The Standard & Poor's building in New York.Reuters
The Svobodnaya Pressa news and commentary website reviews the outgoing year, which was overshadowed economically by the confrontation between Russia and the West.
First, the Standard & Poor’s, Moody’s, and Fitch ratings agencies downgraded Russia’s ratings. As a result, Russia’s costs for servicing foreign debt have increased, while investors have largely lost interest in Russian securities.
In response, Russian gas giant Gazprom announced that by 2020 it would give up Ukraine as a transit route for its gas supplies to Europe completely and would establish transit supplies via the Turkish Stream pipeline under the Black Sea. Europe was left to urgently resolve the issue of how to transport gas from the Greek border.
However, by July it became clear that the strategy of bypassing Ukraine via the southern route was not working: Gazprom announced that the potential capacity of the Turkish Stream pipeline would be halved. A month later, the European Commission openly declared that it would resist any of Gazprom’s projects aimed to stop gas transit via Ukraine.
In July, following the news that Tehran and the P5+1 group had reached a comprehensive agreement on the Iranian nuclear program, oil prices began to fall dramatically.
This delivered a serious blow to the Russian budget and significantly devalued the ruble.
Throughout the year, the EU and the U.S. several times expanded or extended their sanctions against Russia (imposed over Russia’s role in the 2014 Ukraine crisis – RBTH). In response, Russia extended its ban on food imports from the U.S., Canada, Norway, Australia and EU countries for another year and added Albania, Montenegro, Iceland, Lichtenstein, and Ukraine to the ban.
“External factors have quite a significant part to play in the situation which the Russian economy finds itself in,” said the head of finance and economy section at the Institute of Contemporary Development, Nikita Maslennikov.
“The key role, of course, belongs to falling oil prices and the end of the whole commodities cycle in the world economy.
“If we look at the overall economic outcome of all the external factors – commodities prices and the sanctions – this year Russia has been short-changed of, according to experts’ estimates, some $200 billion, or 1-1.5 percent of potential GDP growth,” said Maslennikov.
“What does it mean? In 2015, our economy will most likely drop by 3.9 percent of GDP. Only 1.5 percent of that amount is in fact generated by the effect of external shocks.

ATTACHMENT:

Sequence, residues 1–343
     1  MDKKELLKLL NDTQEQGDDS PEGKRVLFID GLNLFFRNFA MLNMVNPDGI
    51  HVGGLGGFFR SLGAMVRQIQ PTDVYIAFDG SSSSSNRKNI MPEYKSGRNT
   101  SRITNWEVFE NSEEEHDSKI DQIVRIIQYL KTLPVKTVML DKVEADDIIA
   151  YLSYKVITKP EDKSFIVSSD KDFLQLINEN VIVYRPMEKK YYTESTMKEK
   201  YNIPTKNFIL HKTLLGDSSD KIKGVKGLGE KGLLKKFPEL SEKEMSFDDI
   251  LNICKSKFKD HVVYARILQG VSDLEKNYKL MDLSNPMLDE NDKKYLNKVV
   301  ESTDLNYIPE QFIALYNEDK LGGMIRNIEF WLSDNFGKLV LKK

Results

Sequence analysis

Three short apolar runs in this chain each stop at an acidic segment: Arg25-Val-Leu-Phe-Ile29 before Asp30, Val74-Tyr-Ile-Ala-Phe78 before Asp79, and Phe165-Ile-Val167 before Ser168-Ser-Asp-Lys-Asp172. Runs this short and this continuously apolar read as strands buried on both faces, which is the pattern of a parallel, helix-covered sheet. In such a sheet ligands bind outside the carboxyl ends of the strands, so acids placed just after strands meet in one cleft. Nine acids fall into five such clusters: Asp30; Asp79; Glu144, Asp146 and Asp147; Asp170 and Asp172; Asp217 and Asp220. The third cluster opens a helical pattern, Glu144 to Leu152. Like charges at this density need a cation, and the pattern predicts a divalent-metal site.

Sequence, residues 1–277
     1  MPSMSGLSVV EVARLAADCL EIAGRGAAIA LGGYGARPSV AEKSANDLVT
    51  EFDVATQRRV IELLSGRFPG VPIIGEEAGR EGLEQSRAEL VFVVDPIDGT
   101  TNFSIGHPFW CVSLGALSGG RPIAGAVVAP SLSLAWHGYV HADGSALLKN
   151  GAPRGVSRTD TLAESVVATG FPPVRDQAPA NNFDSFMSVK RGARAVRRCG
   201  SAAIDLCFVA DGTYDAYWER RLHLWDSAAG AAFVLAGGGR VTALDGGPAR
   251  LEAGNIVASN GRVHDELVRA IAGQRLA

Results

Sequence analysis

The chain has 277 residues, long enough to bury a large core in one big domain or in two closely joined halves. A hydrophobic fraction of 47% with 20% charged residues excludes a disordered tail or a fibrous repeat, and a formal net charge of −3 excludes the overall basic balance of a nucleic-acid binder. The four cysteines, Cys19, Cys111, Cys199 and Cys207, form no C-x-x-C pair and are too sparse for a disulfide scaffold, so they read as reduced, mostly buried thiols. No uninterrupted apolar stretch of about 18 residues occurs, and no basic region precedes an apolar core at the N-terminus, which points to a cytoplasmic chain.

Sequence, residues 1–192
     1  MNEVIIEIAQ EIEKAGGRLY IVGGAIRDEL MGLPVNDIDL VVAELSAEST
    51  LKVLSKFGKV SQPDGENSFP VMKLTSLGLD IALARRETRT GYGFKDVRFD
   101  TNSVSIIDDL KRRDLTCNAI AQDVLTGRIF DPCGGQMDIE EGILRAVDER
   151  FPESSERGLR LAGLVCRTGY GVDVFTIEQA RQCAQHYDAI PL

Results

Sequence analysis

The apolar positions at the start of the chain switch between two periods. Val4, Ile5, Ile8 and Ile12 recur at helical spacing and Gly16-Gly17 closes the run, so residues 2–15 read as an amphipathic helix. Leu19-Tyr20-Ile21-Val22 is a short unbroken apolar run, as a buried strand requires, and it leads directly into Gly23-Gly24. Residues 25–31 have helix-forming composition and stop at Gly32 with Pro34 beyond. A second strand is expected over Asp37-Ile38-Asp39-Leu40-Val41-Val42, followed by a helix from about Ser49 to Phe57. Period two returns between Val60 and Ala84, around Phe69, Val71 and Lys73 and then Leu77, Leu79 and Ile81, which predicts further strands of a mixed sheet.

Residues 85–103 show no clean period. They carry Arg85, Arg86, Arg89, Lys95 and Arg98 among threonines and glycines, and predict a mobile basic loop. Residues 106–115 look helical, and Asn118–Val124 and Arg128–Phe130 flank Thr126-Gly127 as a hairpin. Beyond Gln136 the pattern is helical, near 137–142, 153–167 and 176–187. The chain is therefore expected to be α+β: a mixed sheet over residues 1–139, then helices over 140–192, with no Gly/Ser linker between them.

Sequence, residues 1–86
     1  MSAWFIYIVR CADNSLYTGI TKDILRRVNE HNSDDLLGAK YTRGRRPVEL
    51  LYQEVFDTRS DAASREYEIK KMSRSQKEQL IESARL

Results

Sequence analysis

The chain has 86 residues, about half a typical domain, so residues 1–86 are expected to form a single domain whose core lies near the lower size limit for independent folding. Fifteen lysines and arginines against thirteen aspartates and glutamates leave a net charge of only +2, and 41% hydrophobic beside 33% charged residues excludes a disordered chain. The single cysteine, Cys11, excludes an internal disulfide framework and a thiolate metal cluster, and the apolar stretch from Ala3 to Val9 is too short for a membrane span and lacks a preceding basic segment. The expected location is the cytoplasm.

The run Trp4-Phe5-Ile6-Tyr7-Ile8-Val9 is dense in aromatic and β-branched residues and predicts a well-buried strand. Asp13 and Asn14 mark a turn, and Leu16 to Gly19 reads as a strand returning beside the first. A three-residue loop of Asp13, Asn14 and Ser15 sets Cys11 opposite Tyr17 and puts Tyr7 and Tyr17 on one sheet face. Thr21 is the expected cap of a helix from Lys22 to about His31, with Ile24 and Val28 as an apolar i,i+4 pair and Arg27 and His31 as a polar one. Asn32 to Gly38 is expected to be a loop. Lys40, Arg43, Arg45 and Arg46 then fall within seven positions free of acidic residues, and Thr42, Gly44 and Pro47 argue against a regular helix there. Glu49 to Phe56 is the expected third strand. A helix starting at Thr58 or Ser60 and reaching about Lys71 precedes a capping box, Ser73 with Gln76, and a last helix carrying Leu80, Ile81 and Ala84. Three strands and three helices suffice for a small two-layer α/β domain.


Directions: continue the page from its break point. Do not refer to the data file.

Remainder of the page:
“So it is logical to wonder: Had none of this happened, had oil prices not fallen and had the West not imposed the sanctions, would we be in a crisis or not? It turns out that yes, we would. Because the above figures show that the main causes of the economic slowdown in Russia are created not by external but by internal factors.”
Russian artists have been flown to the Khmeimim airbase in Latakia, Syria to give a New Year concert for the Russian military personnel serving there, news website Gazeta.ru reports. According to the artists, the event was not commercial – they were flown to the base on board a special Defense Ministry aircraft, and they felt under no danger at the base, writes Gazeta.ru
Many of the artists who took part in the concert preferred not to publicize their trip to Syria, but there were those who decided to go public with it, like singer Zara for example.
“It was a great honor for me to perform for our officers and servicemen. I admire, and I think the whole country does too, their daily heroism for the sake of fighting the terrorist threat so that it does not reach our borders. And of course I wished them a safe return home to their families and a happy New Year. And I told them that we are very proud of them,” said Zara.
At the same time, according to singer Ruslan Alekhno “there were many those who refused to go.”
“I am very proud of our servicemen. I cannot even imagine what would happen if the terrorist plague reaches civilians and our children, who live, enjoy life and look into the future. And all this is possible thanks to our military,” he said.
The Moscow Metro’s newest station, called Tekhnopark, was opened on Dec. 28 as part of a pilot scheme. It is fitted with a contactless payment system, reports daily tabloid Komsomolskaya Pravda. All you have to do is touch your Visa bank card to the turnstile and it will let you through, having charged the standard fee for a single journey (50 rubles) from your bank account.
Similar technology will soon be installed at several other stations, including Marksistskaya on the yellow line.
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